Let’s start in 2017.
Andrew Schulz had been killing it in the New York comedy clubs for over a decade. But no network would give him a shot.
So he spent $25k filming his own special. And handed it to the networks on a plate. They still said no.
Schulz realised he was going to have to make it alone. So he started analysing how people actually watch comedy.
I asked all my friends about different specials and they all said the same thing, “Yeah, it was good. But I didn’t finish it.”
I figured the hour is too long.
So Schulz cut his special down to 16 minutes and put it on YouTube.
He already had some subscribers from years of podcasting there. And it started getting traction.
YouTube was working. So I started treating my YouTube channel like my own network.
With every new joke his channel grew. But coming up with fresh comedy every week was insane.
So Schulz started honing his improv. Because learning to roast the crowd meant new content every night.
He’d film every show. Sometimes 7 in one weekend. Hoping to get one electric clip for YouTube.
Between 2018/19 Schulz uploaded 125 bits of live comedy. Contrast this with the comic who puts out one special a year.
100 clips is 100 ways of discovering me. An hour on Netflix is one.
And who wants to listen to a stranger for an hour? But you’ll listen to a 2-minute clip if a friend sent it to you.
In two years his channel grew from 140k to 840k.
March 2020. Schulz was midway through his first worldwide tour. Then Coronavirus hit.
Most comedians were screwed. Schulz built a studio and started doing Late Night style monologues.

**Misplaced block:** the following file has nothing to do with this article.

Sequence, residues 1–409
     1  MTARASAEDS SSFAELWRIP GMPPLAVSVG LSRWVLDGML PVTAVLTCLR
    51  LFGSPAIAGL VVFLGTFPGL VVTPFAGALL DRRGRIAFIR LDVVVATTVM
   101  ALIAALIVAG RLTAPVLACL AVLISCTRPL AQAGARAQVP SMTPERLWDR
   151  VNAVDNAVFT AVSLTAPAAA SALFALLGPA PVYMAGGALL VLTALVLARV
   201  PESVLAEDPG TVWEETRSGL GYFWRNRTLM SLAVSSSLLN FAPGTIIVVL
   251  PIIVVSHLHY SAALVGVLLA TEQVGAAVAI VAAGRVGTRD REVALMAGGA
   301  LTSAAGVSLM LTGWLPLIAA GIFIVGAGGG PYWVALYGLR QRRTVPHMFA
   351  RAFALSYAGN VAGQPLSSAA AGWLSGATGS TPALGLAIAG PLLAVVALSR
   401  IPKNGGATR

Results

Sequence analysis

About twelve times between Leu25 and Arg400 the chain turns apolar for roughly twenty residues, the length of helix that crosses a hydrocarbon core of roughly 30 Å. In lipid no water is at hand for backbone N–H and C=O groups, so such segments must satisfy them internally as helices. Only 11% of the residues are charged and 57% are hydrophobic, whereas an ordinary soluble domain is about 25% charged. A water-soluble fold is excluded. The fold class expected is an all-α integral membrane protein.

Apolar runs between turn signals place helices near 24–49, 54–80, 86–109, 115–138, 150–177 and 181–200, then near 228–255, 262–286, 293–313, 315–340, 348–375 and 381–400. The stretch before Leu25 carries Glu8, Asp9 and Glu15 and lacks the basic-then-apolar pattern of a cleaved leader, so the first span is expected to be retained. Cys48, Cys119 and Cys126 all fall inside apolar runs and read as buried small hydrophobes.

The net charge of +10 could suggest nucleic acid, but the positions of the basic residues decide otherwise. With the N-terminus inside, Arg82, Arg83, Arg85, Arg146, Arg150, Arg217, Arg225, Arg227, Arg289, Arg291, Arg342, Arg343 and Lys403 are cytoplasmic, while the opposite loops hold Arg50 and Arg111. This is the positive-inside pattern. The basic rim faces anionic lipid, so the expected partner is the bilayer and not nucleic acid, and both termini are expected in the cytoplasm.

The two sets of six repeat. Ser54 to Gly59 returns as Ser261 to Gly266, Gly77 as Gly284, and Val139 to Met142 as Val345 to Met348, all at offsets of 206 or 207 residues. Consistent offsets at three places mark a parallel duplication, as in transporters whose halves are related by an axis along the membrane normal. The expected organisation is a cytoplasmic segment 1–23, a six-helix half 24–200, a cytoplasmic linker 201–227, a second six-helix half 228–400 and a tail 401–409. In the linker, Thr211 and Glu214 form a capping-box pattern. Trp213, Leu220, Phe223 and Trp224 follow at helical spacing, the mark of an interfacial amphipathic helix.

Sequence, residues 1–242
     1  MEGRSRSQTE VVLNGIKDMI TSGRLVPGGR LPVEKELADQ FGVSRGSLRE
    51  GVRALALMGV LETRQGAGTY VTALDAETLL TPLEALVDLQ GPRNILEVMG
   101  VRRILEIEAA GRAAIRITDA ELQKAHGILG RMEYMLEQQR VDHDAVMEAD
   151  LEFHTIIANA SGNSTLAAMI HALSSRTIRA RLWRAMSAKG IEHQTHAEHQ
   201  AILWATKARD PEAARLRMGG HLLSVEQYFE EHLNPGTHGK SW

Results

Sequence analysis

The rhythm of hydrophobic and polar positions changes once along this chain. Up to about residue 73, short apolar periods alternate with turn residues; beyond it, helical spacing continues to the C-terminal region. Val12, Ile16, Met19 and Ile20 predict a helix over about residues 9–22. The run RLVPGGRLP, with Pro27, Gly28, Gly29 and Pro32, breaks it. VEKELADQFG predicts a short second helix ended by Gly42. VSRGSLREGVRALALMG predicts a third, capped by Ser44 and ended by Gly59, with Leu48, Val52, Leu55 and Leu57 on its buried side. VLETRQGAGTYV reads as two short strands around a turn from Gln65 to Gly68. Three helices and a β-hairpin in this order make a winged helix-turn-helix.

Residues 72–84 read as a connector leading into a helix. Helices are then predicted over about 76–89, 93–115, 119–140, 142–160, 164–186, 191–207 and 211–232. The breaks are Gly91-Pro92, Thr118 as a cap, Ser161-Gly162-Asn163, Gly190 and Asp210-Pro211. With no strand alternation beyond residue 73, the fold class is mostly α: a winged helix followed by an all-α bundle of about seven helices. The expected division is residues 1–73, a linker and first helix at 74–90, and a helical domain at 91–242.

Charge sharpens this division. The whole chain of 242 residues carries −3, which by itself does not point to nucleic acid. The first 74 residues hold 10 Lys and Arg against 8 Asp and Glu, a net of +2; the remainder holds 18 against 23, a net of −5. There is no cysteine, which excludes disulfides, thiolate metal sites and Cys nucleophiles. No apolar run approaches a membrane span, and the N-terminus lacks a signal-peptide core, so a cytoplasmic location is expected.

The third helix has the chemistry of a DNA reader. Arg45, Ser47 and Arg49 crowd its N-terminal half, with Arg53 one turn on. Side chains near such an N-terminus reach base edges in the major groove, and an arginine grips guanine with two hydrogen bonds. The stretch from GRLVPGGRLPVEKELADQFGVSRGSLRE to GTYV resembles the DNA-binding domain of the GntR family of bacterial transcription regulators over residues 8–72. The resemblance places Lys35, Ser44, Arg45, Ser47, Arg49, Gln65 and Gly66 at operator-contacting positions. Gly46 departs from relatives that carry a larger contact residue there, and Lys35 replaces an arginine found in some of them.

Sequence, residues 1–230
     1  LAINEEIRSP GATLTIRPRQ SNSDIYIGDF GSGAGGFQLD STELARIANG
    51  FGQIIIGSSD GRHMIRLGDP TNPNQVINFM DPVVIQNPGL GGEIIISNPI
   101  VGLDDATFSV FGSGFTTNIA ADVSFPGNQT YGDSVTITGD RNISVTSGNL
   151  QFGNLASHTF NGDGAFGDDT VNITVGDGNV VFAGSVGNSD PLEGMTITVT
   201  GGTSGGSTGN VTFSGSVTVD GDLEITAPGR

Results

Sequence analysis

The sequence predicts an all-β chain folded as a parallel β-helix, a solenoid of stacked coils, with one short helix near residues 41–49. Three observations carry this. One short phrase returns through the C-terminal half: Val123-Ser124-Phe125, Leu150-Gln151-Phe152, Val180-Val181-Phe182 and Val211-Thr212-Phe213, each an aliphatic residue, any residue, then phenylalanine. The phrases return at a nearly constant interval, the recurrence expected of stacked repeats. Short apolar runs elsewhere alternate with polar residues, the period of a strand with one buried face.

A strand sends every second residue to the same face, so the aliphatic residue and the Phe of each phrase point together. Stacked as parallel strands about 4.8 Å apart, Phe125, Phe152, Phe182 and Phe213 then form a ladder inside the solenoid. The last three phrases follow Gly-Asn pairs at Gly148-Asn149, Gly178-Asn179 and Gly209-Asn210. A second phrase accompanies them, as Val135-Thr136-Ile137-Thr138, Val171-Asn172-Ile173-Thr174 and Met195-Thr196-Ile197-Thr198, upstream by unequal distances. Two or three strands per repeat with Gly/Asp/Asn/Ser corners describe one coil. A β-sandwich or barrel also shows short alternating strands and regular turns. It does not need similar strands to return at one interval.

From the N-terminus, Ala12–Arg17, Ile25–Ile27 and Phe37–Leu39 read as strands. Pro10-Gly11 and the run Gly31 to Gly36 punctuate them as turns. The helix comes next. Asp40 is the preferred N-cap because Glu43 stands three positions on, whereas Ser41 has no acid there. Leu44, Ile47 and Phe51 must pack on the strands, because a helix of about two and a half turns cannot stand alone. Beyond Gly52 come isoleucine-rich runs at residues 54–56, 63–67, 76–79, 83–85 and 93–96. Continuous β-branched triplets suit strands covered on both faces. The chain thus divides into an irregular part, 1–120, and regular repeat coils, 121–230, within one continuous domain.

Except, the jokes weren’t watered down to please network execs. Schulz was unfiltered. And people resonated.
For instance, contrast a “network” joke about Joe Biden with a Schulz one.
Another thing Schulz nailed was distribution. He tailored his monologues to fit each social media platform.
On Instagram he’d get your attention with a one-line intro. Then ask you to “turn your phone” to stop you scrolling by.
Schulz put out 17 monologues in 17 weeks averaging 2M views. That’s more than the comedy networks who’d ignored him for 5 years.
* * *
Schulz’s story isn’t about comedy. It’s a lesson for anyone wanting to do anything.
When the gatekeepers don’t let you in, start your own thing. Fail until it works. Then keep going until you’ve got momentum.
Schulz retells this Chris Rock story that sums it up:
“You see someone on the side of the road with their car broken down. You drive by. But if you see somebody pushing their own car, you stop and help.”
I was an entitled little f***ing brat whining about not having a special. I helped myself. Then people helped me.
Thanks for reading. If you’d enjoyed the story, I’d appreciate if you joined the email list. I share a new case study, like this one, each week.
Or if you’re feeling generous perhaps share the thread on Twitter.
Thanks to Ahrefs for sponsoring. I rely on them to grow my own search traffic.
Over and out — Harry